Test, track and trace: How does the NHSX coronavirus app work?
5 May 2020, 07:08 | Updated: 5 May 2020, 07:17
The Government is introducing contact tracing at "large scale" as a way of easing Covid-19 lockdown restrictions. So what is contact tracing and how does it work?
One measure many countries have introduced to deal with the coronavirus pandemic is a new NHS app, which has started trials on the Isle of Wight this week.
The new NHSX app is part of the Government's test, track and trace strategy and will be central to its efforts in slowing the spread of coronavirus.
Should the contact tracing work it would potentially allow more targeted quarantine measures than the current blanket lockdown.
But what exactly is contact tracing, and how can it help society battle the Coronavirus-19 pandemic?
Here's everything you need to know about contact tracing.
What is contact tracing?
The US Centres for Disease Control, see contact tracing as part of the process of supporting patients with suspected or confirmed infection.
The technique is used to help find people who may have been in contact with those who are infected to help track the illness.
Contact tracing is a “cornerstone” of preventative medicine, says Dr Laura Breeher, medical director of occupational health services at the Mayo Clinic. “Contact tracing, it’s having a moment of glory right now with COVID because of the crucial importance of identifying those individuals who have been exposed quickly and isolating or quarantining them,” she said.
How does contact tracing work?
Public health officials use trained staff to interview a patient to help them recall everyone with who they have had close contact during the timeframe while they may have been infectious.
Once a contact has been traced public health staff then warn the exposed individuals that they could be exposed to the virus, in this case, Covid-19.
The CDC says to protect patient privacy, contacts are only informed that they may have been exposed to a patient with the infection. They are not told the identity of the patient who may have exposed them.
How will the NHSX contract tracing app work?
Transport Secretary Grant Shapps has described smartphone apps for tracing the spread of coronavirus as the "best possible way to help the NHS" as a pilot programme begins in England.
The NHSX app is being trialled on the Isle of Wight this week as part of the Government's test, track and trace strategy and will be central to its efforts in slowing the spread of coronavirus.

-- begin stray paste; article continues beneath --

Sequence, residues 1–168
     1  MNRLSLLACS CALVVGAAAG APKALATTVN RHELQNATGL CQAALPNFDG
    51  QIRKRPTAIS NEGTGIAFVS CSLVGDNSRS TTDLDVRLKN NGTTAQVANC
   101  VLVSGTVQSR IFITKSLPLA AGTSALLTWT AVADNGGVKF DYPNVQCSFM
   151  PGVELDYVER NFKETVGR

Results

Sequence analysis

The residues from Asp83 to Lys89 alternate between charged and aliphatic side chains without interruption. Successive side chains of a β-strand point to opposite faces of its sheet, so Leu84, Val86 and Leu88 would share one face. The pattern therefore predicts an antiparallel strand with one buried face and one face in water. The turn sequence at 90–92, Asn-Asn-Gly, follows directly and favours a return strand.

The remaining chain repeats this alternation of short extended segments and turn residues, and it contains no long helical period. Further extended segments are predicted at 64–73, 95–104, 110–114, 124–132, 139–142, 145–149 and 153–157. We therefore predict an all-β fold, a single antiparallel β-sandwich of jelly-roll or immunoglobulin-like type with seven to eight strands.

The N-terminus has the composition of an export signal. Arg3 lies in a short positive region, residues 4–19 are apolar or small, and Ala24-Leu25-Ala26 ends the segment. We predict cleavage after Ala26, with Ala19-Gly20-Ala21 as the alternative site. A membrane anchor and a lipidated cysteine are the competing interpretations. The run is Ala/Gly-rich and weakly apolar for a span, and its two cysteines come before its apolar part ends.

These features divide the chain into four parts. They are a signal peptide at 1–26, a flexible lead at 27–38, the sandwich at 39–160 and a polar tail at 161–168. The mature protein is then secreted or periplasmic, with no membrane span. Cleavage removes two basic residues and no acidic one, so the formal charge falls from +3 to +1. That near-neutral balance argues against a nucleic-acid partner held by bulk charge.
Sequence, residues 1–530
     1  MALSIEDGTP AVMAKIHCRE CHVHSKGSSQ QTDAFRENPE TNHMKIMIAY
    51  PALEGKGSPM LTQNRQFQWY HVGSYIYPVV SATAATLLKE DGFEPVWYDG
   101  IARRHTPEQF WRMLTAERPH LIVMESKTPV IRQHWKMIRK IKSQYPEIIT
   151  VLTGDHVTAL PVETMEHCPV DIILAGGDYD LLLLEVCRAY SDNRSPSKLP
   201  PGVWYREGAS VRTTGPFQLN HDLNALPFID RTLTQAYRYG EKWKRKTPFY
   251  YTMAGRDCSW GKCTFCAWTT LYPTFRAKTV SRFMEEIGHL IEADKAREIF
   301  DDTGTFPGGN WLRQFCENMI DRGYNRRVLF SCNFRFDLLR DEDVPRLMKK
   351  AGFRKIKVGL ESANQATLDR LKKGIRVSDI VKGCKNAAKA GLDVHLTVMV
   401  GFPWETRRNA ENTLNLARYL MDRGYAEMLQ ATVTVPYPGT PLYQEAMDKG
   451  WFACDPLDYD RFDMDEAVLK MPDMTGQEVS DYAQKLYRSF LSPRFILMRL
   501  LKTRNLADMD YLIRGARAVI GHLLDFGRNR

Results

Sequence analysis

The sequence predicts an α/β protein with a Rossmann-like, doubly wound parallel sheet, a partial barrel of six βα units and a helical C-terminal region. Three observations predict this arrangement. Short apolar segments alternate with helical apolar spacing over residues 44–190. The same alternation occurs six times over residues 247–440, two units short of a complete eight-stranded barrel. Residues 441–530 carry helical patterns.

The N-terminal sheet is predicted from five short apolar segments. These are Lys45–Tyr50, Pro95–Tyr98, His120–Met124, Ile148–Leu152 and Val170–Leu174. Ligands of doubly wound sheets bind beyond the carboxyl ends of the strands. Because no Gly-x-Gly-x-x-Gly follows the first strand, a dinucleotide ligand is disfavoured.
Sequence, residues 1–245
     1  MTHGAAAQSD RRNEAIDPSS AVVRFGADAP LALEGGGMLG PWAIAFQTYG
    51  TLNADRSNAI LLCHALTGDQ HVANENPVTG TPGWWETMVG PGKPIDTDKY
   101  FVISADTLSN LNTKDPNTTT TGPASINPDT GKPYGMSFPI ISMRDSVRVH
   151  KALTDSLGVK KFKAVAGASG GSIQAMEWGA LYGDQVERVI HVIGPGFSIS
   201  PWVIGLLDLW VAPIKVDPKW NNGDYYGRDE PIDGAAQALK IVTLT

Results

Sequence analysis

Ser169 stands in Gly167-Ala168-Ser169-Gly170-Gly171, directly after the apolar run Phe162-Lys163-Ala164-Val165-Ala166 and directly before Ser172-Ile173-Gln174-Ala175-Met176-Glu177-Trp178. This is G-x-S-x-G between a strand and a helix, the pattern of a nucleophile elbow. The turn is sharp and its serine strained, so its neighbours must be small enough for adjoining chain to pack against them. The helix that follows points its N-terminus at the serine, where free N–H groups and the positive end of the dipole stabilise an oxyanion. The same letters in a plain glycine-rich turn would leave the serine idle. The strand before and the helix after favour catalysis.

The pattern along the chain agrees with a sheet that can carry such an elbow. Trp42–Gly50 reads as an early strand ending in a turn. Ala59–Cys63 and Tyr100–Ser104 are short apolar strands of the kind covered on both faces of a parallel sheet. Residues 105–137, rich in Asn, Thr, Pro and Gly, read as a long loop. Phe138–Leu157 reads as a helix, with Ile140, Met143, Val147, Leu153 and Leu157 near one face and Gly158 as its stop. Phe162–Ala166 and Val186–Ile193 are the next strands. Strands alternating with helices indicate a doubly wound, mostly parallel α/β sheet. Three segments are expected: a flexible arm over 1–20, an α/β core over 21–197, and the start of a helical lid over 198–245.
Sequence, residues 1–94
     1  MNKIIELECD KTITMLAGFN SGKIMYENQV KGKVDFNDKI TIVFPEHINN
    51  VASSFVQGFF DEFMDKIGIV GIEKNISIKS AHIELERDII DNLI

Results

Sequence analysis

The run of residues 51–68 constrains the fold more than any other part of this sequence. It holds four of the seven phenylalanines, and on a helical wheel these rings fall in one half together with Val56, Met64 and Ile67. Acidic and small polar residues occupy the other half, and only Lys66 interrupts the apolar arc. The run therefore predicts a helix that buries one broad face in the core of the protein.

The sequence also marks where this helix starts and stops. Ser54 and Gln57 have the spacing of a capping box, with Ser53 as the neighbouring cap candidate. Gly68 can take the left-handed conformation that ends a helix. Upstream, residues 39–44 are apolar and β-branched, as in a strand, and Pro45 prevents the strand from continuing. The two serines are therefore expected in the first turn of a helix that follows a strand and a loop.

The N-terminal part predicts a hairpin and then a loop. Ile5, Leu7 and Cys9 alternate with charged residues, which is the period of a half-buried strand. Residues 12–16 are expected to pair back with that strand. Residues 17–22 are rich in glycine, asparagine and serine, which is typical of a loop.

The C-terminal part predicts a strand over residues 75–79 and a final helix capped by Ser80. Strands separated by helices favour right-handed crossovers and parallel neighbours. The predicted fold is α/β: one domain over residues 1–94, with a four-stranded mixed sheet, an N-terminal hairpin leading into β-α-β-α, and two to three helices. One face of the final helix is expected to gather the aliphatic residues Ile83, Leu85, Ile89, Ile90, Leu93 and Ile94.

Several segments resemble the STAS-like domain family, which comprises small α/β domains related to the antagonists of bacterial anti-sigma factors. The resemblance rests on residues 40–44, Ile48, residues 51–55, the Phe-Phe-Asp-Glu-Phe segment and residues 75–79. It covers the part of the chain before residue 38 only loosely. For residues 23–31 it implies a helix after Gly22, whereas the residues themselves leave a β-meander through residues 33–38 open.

Contact tracing has been used extensively in South Korea, Hong Kong and Germany, where outbreaks have been contained more quickly.
It will be downloaded on to smartphones and use bluetooth technology to work out when other app users are in close enough proximity to potentially spread the virus.
The data is recorded under an anonymous ID, rather than by the person's name.
If and when someone starts showing symptoms, or tests positive for Covid-19, they are able to share that on the app.
The app then sends a notification warning of possible infection to all those phone users to have come in requisite proximity recently.
Mr Shapps told Sky News: "The idea is that we will encourage as many people to take this up as possible. This is going to be a huge national effort and we need, for this to work, 50% to 60% of people to be using this app.
"Not everybody has a smartphone and I appreciate that for various reasons not everybody will download it but it will be the best possible way to help the NHS."
He stressed the app will be completely confidential.
When will the UK contact tracing app be available?
The NHSX app will be trialled on the Isle of Wight this week before being rolled out more widely later this month, the Government has announced.
Transport Secretary Grant Shapps said around 50% to 60% of people will need to use the software for it to be effective as he described it as the "best possible way to help the NHS".
What about privacy concerns?
Asked about privacy concerns surrounding the app's future roll-out, First Secretary of State Dominic Raab said the Government was trying to "innovate the best we can to try and ease our way out of the next phase of this virus in a way that protects public health and also allows us to go back to an economic and social life as close to normal as possible".
He added: "I think people do understand that we're in an exceptional crisis and we need to take measures which we probably wouldn't think of doing if we weren't in this crisis."